Academics from North Western University and the University of Chicago found that there was a ‘large’ consumption response, both up and down, to changes in house prices. https://www.restud.com/wp-content/uploads/2017/09/MS20860manuscript.pdf 

The authors of this global study warned, quite simply, that there was a ‘widespread policy concern that boom-bust cycles can end with large contractions in consumer spending’.

Which provides food for thought as the house price falls spread around Australia.

In Darwin, housing prices have dropped a stunning 22 per cent since the 2014 peak. In Perth, the fall has been a still painful 11 per cent over the same time period. The collapse in mining investment and a slowing in population growth have impacted these two cities, notwithstanding record low interest rates.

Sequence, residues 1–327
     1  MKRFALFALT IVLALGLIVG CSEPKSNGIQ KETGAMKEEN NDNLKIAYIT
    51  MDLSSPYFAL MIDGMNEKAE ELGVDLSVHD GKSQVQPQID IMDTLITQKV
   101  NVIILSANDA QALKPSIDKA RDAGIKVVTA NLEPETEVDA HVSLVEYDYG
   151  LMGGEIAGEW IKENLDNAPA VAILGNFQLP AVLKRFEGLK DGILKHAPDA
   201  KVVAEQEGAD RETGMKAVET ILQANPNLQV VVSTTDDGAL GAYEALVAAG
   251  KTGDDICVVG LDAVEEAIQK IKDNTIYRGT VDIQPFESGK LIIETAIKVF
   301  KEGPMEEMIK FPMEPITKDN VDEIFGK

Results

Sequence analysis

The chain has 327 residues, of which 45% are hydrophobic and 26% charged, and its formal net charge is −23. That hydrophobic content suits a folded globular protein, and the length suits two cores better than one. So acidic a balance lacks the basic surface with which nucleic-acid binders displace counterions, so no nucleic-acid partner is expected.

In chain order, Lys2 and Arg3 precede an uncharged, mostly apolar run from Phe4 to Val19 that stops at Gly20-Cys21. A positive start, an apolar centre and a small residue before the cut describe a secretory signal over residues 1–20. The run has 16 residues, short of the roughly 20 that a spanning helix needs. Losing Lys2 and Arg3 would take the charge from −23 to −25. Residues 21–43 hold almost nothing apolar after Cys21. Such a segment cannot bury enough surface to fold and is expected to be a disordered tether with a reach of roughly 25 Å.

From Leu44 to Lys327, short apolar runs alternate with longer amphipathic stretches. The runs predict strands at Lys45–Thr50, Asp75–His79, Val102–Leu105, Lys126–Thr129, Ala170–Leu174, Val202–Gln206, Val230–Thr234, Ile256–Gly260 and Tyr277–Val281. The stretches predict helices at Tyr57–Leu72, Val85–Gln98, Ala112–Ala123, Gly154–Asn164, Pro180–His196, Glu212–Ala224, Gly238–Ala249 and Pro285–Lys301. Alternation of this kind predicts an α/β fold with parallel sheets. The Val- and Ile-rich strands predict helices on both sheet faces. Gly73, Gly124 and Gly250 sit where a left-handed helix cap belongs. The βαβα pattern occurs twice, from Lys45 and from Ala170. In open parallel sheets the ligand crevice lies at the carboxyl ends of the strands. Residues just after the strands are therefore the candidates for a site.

Since September last year, house prices in Sydney have dropped a significant 4 per cent which has reduced the value of a $1.1 million property by $44,000. Little wonder retail sales in New South Wales are stalling and the labour market is showing signs of a turn.

Melbourne house prices are, so far, only down 0.5 per cent from their peak in December but there are warning signs that there will be further weakness as new supply comes on to the market and as the banks have tightened their lending. While the economy continues to muddle along with GDP growth of a modest 2.4 per cent in 2017, a house price decline could be the factor that trips up the economy.

If the fall in home-owner’s wealth across most cities continues or worse gains pace, then you, the consumer, will react by cutting spending, firms will hunker down with lower investing and hiring and the economy will weaken.